Predatory lenders

It is generally believed that “love of money” is the root of all evil in recent times, but in our country the “existence of dishonest money” is more of an evil. We have our very own Shylocks in our midst in the shape of private money lenders who lend at an exorbitant interest rate, usually as high as 90 percent to 140 percent! Surely these unbelievably high interest rates amount to a “pound of flesh”. But the government has more or less turned a blind eye to this black economy. After a delay of more than three years, the Punjab Assembly Standing Committee on Revenue has finally approved The Punjab Prohibition of Private Money Lending Bill 2003, which if implemented would put an end to the private money lending business in the whole province. Among other things, the bill asks for the repeal of the Punjab Money Lenders Ordinance of 1960 that protects private money lenders, even though the irony of the matter is that this ordinance has never been implemented. The ordinance allows licenses to be distributed to private money lenders, who would be penalised if they charge a “compound interest, or simple interest at a rate higher than seven and a half per centum per annum or two per centum above the bank rate, whichever is higher, in the case of a secured loan and twelve and a half per centum per annum in the case of an unsecured loan.” They are to be monitored by the Additional Commissioners (ACs) and their records have to be maintained in a register. To this date, there has been no record of any register containing such information. This ordinance is only limited to the official documents, as is the case with many other laws.

Before partition, the Hindu baniyas were notorious for lending money to underprivileged people, who then had to pay the debt with high interest. After partition, the baniya was replaced by our feudal landlords whose prey was, and still is, the illiterate peasant. The peasants need seasonal loans for their crops and other social reasons such as weddings, sudden illness or accident, etc. There is no banking mechanism in Pakistan that would allow these people to get a loan, as they do not have any collateral to offer. The feudals are the only ones who would offer them loans, but on stringent conditions. This has led to bonded labour, marriages of young girls to older men as a repayment of debt, violence, murders, and many other human rights violations.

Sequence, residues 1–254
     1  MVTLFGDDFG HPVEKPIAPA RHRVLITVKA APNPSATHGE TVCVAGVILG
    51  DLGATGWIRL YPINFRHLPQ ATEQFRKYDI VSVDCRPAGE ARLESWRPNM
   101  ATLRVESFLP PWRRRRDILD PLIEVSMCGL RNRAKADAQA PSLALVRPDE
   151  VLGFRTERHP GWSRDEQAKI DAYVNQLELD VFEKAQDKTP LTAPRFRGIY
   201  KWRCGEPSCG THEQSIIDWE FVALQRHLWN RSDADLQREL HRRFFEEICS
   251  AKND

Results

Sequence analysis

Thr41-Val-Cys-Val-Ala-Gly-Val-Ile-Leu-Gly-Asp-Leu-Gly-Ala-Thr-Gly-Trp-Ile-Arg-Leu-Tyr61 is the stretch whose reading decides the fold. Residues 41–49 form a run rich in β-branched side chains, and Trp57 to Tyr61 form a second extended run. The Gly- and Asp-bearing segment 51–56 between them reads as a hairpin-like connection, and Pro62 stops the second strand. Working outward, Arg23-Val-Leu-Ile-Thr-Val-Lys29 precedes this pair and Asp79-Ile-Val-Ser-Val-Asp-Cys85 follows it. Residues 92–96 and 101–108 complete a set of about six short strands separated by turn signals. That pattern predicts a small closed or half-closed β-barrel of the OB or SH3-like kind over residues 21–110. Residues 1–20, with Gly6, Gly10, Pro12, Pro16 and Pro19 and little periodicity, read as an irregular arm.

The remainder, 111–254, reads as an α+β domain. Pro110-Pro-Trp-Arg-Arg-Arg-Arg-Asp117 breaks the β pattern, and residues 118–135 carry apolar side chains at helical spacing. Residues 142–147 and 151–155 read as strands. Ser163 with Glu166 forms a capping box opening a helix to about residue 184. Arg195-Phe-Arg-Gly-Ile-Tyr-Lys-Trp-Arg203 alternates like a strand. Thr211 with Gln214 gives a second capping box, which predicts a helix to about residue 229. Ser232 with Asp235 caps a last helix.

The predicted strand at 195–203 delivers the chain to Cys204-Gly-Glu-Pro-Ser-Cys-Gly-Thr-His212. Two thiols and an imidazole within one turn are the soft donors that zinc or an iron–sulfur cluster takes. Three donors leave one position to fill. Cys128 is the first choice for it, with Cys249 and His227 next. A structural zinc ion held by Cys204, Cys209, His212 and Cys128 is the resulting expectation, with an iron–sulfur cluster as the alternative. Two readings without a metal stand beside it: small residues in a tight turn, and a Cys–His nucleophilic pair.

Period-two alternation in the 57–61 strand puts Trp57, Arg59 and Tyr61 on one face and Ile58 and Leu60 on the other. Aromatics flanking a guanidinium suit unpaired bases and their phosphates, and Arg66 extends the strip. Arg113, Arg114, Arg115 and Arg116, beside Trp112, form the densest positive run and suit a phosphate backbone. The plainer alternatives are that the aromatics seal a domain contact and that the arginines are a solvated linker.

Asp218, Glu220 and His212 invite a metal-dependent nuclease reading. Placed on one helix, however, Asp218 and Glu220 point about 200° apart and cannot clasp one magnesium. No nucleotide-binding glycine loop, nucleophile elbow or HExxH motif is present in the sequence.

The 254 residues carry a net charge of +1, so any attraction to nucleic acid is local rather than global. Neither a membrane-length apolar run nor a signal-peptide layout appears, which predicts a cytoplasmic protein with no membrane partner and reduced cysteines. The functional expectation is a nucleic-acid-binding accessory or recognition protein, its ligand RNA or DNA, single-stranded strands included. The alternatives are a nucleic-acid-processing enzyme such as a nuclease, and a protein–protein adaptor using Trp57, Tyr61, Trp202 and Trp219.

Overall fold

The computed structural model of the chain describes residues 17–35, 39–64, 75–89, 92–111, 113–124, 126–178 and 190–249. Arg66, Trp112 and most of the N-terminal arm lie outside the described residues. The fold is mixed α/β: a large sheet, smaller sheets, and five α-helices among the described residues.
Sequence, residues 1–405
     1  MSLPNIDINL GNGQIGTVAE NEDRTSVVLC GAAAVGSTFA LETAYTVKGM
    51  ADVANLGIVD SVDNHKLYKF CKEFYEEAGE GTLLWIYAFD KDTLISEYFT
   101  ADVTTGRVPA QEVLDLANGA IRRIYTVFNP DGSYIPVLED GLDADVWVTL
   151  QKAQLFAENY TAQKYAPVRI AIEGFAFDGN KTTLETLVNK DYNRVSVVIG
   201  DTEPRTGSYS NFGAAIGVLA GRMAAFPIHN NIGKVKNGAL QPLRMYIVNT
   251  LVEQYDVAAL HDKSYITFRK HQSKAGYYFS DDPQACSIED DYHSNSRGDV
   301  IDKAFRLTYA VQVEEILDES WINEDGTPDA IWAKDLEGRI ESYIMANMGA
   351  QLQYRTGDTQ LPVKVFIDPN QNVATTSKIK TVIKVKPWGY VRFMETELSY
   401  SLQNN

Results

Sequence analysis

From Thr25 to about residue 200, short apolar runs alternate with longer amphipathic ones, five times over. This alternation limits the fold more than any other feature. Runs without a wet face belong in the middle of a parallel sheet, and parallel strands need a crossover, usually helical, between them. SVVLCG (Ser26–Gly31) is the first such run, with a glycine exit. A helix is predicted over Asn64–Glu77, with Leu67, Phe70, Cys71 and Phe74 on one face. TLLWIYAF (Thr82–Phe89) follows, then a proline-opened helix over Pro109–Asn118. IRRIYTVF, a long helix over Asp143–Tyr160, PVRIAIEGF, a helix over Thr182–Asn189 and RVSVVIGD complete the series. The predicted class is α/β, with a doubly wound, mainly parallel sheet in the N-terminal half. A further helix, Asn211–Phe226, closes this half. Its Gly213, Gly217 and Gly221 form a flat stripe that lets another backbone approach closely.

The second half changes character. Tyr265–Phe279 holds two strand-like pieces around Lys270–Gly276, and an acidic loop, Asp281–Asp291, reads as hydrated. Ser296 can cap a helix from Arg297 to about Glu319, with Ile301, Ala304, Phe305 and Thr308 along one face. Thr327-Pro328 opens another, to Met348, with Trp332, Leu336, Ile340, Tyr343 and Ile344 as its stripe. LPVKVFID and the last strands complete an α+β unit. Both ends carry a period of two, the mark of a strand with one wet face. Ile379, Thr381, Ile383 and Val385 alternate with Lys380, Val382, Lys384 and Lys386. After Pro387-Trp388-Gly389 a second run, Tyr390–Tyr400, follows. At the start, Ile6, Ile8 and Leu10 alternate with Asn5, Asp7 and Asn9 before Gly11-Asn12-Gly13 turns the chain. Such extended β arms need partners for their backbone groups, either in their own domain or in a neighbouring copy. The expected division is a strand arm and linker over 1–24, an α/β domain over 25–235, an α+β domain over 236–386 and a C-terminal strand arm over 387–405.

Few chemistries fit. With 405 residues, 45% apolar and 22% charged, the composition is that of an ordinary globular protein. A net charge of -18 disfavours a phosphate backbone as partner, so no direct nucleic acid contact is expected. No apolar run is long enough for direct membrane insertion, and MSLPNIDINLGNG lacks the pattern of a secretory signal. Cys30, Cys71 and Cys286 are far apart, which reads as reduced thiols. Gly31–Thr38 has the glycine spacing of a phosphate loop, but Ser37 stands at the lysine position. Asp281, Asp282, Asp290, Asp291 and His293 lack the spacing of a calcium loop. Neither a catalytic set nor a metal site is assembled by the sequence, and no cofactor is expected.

The Banking Companies Ordinance 1990 prohibits any company to function as a bank. If a company is not allowed this privilege, then how can an individual? The reason is that our assemblies, be they national or provincial, are swamped by the feudals who would not want to give up their parasitic business of money lending, thus not allowing any bills to pass that would curtail this trade. It is time the government implements laws that would prohibit this practice all over the country and sets up a monitoring mechanism under the local bodies or a separate regulatory body. In order to successfully eliminate this practice, the government needs to replace it by mainstream legal means. A micro-credit banking system that would offer loans to the poor on easier terms must be started. If the government cannot implement such a banking system and only abolishes the practice of private money lending, given the unrequited demand for credit, this informal trade may well be driven underground.


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